SAP, Europe’s largest software company, blamed US-China trade tensions for disappointing second-quarter profits that sent its shares sliding on Thursday.
The trade dispute between the two economic superpowers dented software sales in Asia as companies delayed spending decisions, leaving SAP’s revenues from selling licences short of analysts’ expectations.
The group, which competes with the likes of Oracle and Salesforce to provide business software to the world’s largest companies, is the latest multinational to be caught up in the fallout from the long-running trade dispute.
“We didn’t get everything we wanted in Asia,” chief executive Bill McDermott said on a call with analysts.
The trade headwinds come as Mr McDermott spearheads SAP’s push into selling subscription-based software services. Last November, SAP agreed to buy US rival Qualtrics for $8bn as part of the push. SAP’s revenues from cloud and subscription software jumped 40 per cent to €1.72bn last quarter, matching forecasts.
Excluding acquisition and restructurings costs, as well as stock-based compensation, the Walldorf-based maker of enterprise software increased operating profit by 11 per cent year on year to €1.82bn in the quarter. Analysts polled by Vara Research had on average expected a 14 per cent increase.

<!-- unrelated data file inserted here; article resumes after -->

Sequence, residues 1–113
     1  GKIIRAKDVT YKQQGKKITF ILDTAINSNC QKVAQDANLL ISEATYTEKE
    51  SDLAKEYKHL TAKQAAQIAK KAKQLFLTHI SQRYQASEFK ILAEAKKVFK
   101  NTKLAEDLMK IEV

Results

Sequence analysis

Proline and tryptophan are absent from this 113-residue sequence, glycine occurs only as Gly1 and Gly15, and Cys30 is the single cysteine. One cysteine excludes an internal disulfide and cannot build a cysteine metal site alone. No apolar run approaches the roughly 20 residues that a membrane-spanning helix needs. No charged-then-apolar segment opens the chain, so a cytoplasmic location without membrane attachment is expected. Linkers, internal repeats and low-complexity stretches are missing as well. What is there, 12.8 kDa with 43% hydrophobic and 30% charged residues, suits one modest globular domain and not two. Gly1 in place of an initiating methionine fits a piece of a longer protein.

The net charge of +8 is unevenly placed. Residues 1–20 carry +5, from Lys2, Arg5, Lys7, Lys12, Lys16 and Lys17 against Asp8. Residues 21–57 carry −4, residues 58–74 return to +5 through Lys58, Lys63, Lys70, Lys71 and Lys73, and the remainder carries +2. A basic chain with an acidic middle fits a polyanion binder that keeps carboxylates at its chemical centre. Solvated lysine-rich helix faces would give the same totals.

That sent the shares in Germany’s largest company by market capitalisation down as much as 10 per cent in early trading. They recovered some of that drop to close down almost 6 per cent.
“While a weak [quarter] doesn’t change a story, we still feel SAP needs to maintain investment to drive growth,” Morgan Stanley analysts noted, pointing out that the stock is trading on an elevated multiple of 30 times next year’s free cash flow and that second-quarter results were “a miss across all metrics”.
The stock remains up more than a third this year after US activist fund Elliott in April disclosed a more than €1.2bn stake in SAP. The software group has since announced new, ambitious medium-term profit targets. Chief financial officer Luka Mucic on Thursday confirmed SAP’s 2019 outlook for lifting annual operating profit by 9.5 to 12.5 per cent before currency changes.
Mr McDermott added that its targets would require greater efficiency, particularly in hiring. “We will manage headcount with an iron fist,” Mr McDermott said, pointing out that new employees would be evaluated by seven people before they were hired.
Software licence and support revenue in the second quarter increased just 2 per cent to €3.8bn, trailing expectations of a 3.7 per cent increase. SAP’s profit operating margin was stable at 27.3 per cent, compared with an average of analyst forecasts of 27.7 per cent.
Despite the shadow trade tensions cast last quarter, Mr McDermott insisted the company’s pipeline of orders in China remained intact even as companies begin to examine the country’s role in their global supply chains.
“The companies that look to make changes due to trade uncertainty look to us to help make them,” he said.
On Thursday the company also announced a new partnership with Intel in which SAP’s applications will use the US company’s processors.